Coron in the Philippines originally made a name for itself in scuba diving circles as a wreck diving mecca. The numerous wrecks that lay beneath the surface put Coron firmly on the map but there is so much more to this region than its attraction to those with a ‘lust for rust’.
Coron is an absolute must for any nature lover. Its dramatic limestone cliffs which surround magical aquamarine lagoons are like scenes from Jurassic Park and the seemingly endless lush green vegetation adds to its ‘land-that-time-forgot’ vibe. This is a destination for those who want to escape the hustle and unwind surrounded by tropical nature and incredible scenery.
Underwater, Coron’s wrecks (which lie within recreational diving depths) and war time history are an undeniable draw but that’s not all that you’ll find underwater. Here are just a few of the highlights of scuba diving in Coron.
This is one of Coron’s shallower wrecks that teems with life! The main deck sits at 16 metres/ 52 feet and the deepest point at 26 metres/ 85 feet. This 160 metre/ 525 feet long wreck is encrusted in coral and home to a high density of critters including colourful nudibranch which can be found living among the structure. Look out for large schools of snapper, sweetlips, batfish and barracuda, surrounding the wreck.
A Brief History of Coron’s Wrecks
In September 1944, one of the most ground breaking attacks of World War II took place in Coron. A Japanese supply fleet which was hiding out among the Island’s of Coron was attacked by a squadron of US bombers who were undertaking the furthest range air attack ever carried out at that time. Several US planes were lost during the attack through running out of fuel and some were shot down and now lay alongside the plethora of supply ships, gun boats, munitions ships and aircraft carriers which they set out to attack.
This 118 meter/ 387 feet long seaplane carrier lies relatively in tact on her port side. On the sandy bottom to the side of the wreck is a huge crane which attracts schools of batfish and barracuda, making incredible underwater photography subjects. The engine room, which is home to four large engines and other machinery, is an excellent penetration opportunity for experienced wreck divers. Marine life is abundant here, particularly in the shaded areas and crevices where resident lionfish, moray eels and other interesting critters are found.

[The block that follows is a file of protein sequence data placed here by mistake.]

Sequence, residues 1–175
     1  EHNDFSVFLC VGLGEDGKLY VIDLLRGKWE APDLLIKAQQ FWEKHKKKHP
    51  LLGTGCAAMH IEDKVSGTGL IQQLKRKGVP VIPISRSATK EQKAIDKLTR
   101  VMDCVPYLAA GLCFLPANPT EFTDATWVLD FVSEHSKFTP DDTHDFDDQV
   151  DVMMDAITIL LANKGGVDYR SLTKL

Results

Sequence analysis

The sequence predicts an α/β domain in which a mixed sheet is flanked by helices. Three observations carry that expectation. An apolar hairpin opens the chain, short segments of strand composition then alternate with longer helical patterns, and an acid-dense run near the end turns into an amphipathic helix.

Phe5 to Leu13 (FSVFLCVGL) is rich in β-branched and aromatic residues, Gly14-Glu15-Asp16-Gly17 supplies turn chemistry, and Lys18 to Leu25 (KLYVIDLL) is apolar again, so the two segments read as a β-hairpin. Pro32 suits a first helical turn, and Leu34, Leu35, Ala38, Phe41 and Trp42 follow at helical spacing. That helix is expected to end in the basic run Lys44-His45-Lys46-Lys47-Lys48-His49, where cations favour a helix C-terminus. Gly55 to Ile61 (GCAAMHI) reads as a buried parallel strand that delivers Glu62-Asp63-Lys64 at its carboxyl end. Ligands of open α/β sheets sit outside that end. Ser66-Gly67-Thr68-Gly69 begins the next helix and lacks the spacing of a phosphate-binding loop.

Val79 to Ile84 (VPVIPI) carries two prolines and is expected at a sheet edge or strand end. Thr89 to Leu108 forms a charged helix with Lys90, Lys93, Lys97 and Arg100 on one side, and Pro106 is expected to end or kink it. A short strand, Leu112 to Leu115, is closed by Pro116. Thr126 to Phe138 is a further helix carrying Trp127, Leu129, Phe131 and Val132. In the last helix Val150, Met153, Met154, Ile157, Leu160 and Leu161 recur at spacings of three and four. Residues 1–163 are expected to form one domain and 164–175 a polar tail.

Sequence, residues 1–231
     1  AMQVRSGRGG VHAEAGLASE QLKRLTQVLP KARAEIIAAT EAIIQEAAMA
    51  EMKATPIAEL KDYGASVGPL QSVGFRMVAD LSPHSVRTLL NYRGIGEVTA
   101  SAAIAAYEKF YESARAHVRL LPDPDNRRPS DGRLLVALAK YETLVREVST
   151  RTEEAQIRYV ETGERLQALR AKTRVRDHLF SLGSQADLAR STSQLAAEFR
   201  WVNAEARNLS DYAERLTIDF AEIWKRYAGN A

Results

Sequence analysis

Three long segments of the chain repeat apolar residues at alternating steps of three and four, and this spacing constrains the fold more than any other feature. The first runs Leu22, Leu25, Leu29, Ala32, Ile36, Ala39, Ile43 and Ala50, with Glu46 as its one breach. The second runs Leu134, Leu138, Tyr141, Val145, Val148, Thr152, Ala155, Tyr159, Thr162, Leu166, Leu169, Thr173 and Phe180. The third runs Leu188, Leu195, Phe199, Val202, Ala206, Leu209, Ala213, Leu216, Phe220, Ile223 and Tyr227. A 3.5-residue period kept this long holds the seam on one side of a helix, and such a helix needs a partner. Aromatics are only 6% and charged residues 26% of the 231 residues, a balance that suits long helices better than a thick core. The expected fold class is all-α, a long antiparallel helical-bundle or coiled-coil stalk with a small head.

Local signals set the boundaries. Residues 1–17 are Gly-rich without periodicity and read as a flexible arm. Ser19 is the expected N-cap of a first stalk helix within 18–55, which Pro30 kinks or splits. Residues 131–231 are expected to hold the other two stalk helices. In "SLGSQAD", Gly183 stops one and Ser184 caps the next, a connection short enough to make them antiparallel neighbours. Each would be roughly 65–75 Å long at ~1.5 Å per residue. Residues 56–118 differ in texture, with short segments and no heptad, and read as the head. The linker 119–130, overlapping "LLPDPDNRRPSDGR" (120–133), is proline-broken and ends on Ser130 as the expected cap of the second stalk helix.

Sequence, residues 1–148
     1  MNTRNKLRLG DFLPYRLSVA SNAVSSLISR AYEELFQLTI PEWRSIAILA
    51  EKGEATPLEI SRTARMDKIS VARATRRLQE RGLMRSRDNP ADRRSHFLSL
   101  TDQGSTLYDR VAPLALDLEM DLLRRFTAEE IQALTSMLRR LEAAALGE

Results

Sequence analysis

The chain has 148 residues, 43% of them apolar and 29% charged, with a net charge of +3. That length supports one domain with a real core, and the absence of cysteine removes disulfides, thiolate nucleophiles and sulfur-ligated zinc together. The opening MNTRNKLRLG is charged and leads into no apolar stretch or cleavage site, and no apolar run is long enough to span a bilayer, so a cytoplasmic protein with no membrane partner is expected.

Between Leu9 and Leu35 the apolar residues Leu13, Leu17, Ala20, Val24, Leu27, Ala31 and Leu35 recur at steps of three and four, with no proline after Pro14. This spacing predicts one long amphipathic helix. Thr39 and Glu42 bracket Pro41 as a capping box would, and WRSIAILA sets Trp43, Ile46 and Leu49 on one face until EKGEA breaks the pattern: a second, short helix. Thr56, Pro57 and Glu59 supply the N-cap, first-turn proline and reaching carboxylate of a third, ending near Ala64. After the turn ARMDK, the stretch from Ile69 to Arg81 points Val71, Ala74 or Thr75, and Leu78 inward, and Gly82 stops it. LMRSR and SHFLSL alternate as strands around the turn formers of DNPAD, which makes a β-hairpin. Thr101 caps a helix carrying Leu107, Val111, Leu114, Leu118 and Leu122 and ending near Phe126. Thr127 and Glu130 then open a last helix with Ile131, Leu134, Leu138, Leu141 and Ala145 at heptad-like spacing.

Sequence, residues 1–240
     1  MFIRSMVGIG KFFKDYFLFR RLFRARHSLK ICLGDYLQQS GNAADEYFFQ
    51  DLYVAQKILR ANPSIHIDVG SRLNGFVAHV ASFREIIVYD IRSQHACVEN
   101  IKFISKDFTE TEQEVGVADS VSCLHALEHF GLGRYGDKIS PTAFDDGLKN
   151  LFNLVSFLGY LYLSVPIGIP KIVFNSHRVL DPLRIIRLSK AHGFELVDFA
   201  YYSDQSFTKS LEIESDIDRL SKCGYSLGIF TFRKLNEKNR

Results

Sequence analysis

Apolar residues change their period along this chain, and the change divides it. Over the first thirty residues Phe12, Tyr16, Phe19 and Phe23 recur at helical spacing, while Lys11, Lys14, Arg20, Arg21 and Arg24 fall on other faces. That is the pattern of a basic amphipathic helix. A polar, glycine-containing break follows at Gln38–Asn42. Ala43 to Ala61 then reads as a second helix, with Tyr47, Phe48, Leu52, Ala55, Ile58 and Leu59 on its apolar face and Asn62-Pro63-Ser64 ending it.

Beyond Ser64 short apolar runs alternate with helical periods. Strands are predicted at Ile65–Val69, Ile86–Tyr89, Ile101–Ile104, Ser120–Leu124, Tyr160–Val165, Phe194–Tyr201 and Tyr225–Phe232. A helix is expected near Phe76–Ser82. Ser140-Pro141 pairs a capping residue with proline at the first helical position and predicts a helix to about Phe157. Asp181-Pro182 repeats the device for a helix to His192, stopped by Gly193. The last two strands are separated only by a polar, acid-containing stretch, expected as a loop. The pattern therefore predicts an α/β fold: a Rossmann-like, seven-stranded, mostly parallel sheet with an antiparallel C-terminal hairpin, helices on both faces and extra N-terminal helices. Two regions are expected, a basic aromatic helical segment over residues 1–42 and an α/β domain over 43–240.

The Morazan Maru was a passenger cargo vessel built in 1907 and later commandeered for WWI by the British. She was captured by the Japanese who then later utilized her in WWII. At just under 100 metres/ 330 feet in length there is plenty to explore here. The cargo holds are empty but the steel boilers in the generously sized engine room are still in tact. The large proportions of this wreck make it suitable for all experience levels.
This refrigeration ship lays at between 30 metres/100 feet and 45 metres/150 feet and offers several routes and penetration possibilities according to experience level. Look out for the tornado of schooling jacks just off the wreck as well as snapper, groupers, barracuda, eels, turtles, lionfish and a host of macro critters on and above the deck. This is a firm favourite with many Coron wreck divers and for good reasons!
Seven Islands Reef
Known locally as ‘Siete Picados’, this marine protected reef is home to a thriving marine eco-system. The sloping reef (which bottoms out at around 24 meters / 79 feet) is teeming with a variety of reef fish and critters. Look into crevices and shaded areas for nudibranch, flatworms, eels, lionfish, scorpionfish and camouflaged bottom dwellers.
Out of the seven lakes around Coron, the Barracuda Lake is one of the only two which can be visited. While this lake may not pack a punch on the marine life front it never fails to deliver a sensory overload. The lake offers both salt water and fresh water layers which sit one top of each other resulting in a halocline effect. This oil-on-water layer where the two meet is incredibly beautiful. You’ll also find thermoclines in the lake between layers of cool and warm water – with the difference between them being up to 10 degrees Celsius. The silty lake floor resembles a planetary surface and all of this is set before a dramatic backdrop of an immense limestone rock face. Barracuda Lake is one diving experience which you won’t forget!
View this post on Instagram
The Cathedral Cave
Situated on the east of Coron Island, access to the Cathedral Cave starts via a tunnel opening at around 6-10meters/19 to 32 feet. Once inside the tunnel you’ll find numerous lobsters, crabs and molluscs which have taken up residence. The tunnel leads to a large chamber in which it’s possible to surface and see the beautiful stalactites and a window through which the light streams in. A little further into the Cathedral Cave is another passage leading to a further air chamber and more rock formations. This is a beautiful dive for experienced divers and one which finishes alongside a vibrant coral wall outside of the tunnel opening.
Diving around Dimakya Island boasts a healthy reef system made up of a vibrant mix of hard and soft corals. During months when the water temperature is at its coolest, cephalopods (both octopus and cuttlefish) come here to mate and lay eggs. Diving here reveals a varied mix of marine life from minute macro crustaceans through to colourful reef fish and bizarre critters.